by Eric Bridges
Far too often in the media, people who are blind or visually impaired are portrayed in two ways. Either we are shown as heroes who have overcome seemingly insurmountable barriers, or characterized as helpless victims who have been taken advantage of by scam artists and thieves. There seems to be very little middle ground in coverage. Do we lead regular lives? Of course, but the extremes appear to receive the lion’s share of coverage. Additionally, when the subject of employment is raised within the community, the tenor of the discussion often becomes emotional. Expressions of frustration and anxiety regarding the ongoing challenges that people who are blind or visually impaired continue to experience when seeking employment are quite prevalent. Many of these emotions may come from the misperceptions by employers and some in the general public regarding the capabilities of people who are blind.
In an effort to show a more complete depiction of who we are as a community, ACB embarked on a project. “BlindAbility: Willing, Able, and Seeking Opportunity” was created to highlight the abilities of blind individuals. This video can be used as an educational tool for hiring managers, HR professionals, or the general public. While the video first premiered during the opening session of our national conference and convention in Dallas, we wanted to highlight it again, as October is National Disability Employment Awareness Month. To watch the video, go to www.acb.org/BlindAbility! Feel free to share it with your employer, state vocational rehabilitation personnel, or others in the general public.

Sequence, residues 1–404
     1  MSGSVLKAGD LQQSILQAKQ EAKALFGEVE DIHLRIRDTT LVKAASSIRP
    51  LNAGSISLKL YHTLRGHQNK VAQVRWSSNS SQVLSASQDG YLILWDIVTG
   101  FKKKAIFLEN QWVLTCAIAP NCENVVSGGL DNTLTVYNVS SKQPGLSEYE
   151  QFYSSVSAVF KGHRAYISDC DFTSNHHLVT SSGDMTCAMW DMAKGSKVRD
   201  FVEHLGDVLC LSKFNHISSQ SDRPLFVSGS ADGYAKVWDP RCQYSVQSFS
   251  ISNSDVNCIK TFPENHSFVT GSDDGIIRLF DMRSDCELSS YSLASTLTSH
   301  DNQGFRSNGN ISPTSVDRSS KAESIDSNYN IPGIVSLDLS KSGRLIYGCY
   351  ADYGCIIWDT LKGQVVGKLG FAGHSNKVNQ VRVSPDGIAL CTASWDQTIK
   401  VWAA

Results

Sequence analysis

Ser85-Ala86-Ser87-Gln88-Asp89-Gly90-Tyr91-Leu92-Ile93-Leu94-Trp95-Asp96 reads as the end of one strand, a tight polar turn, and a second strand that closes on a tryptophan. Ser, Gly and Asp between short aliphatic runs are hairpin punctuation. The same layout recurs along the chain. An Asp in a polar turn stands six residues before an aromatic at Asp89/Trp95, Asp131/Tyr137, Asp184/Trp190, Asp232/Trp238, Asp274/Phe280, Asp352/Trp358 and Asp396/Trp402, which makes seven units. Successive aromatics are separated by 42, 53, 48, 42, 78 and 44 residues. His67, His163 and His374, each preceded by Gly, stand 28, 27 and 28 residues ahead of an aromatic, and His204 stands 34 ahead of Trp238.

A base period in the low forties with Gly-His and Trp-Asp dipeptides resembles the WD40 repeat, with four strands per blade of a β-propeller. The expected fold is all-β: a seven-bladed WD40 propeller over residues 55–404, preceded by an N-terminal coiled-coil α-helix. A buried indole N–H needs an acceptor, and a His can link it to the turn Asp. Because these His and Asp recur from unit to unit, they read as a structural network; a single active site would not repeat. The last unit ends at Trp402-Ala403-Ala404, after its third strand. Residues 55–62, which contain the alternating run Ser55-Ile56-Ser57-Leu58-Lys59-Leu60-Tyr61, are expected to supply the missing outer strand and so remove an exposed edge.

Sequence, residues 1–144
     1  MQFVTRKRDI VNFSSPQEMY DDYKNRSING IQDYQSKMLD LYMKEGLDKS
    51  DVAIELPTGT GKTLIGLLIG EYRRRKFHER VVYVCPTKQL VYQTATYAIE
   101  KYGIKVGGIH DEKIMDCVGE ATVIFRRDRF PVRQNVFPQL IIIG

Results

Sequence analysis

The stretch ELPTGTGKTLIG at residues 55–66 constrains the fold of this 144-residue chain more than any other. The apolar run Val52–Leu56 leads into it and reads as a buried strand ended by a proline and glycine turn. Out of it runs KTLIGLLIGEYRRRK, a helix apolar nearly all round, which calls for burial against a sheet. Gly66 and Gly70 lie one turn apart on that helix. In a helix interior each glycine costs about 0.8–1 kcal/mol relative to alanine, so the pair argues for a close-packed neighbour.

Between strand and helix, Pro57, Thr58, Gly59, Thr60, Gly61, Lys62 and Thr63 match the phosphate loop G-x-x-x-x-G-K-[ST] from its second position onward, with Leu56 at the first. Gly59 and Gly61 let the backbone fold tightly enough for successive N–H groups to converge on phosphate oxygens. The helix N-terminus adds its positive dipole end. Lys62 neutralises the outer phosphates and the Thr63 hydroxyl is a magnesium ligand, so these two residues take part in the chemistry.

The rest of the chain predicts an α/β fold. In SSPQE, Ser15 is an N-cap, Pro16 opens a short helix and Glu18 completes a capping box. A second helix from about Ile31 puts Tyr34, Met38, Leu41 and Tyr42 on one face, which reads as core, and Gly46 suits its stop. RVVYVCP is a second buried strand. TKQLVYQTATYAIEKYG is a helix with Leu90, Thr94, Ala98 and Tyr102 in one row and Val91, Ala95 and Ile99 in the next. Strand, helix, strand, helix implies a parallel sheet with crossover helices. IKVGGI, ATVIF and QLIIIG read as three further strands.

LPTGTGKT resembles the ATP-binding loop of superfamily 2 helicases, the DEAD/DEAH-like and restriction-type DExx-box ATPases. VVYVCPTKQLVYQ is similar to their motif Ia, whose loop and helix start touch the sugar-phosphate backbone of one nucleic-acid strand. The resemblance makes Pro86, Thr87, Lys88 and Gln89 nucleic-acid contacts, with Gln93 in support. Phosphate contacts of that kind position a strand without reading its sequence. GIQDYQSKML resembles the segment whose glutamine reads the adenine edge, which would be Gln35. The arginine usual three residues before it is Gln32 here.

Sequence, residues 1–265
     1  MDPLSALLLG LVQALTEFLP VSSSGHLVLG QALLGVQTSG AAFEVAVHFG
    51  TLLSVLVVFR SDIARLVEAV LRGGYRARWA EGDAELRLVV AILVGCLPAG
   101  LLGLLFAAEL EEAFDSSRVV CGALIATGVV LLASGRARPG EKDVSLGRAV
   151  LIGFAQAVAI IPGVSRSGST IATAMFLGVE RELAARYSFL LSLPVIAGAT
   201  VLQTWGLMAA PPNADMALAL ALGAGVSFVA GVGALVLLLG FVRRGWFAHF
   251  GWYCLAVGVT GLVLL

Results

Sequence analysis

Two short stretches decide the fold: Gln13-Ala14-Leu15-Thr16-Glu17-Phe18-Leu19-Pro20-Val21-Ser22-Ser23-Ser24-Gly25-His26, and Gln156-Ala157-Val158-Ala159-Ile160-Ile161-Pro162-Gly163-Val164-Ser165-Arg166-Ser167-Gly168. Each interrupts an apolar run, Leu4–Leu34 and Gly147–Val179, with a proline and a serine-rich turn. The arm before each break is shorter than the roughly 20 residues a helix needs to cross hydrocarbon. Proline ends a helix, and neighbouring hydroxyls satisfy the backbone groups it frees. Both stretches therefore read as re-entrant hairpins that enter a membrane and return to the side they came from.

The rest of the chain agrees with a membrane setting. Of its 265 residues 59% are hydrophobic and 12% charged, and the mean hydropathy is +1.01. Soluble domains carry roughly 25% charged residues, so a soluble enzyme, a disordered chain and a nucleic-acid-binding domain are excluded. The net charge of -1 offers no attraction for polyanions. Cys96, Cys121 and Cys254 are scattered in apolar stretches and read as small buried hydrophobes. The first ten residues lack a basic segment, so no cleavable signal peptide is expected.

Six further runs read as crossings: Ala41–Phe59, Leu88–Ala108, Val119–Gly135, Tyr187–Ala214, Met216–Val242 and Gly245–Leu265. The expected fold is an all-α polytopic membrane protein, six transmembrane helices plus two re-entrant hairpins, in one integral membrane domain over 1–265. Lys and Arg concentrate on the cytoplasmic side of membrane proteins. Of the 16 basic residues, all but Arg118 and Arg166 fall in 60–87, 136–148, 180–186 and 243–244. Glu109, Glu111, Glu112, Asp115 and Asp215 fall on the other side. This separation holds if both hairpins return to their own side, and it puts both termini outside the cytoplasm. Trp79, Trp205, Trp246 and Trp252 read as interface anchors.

Featured in this video are ACB members Tony Stephens, National Industries for the Blind; Tiffany Jolliff, U.S. Department of Labor; Carl Richardson, the commonwealth of Massachusetts, and Rebecca Bridges, Federal Management Partners, Inc. We are grateful for their participation!
This is the first of what ACB hopes is a series of videos that will attempt to explain who we as blind people are and confront anxiety or misperceptions that people who are not blind have of our community.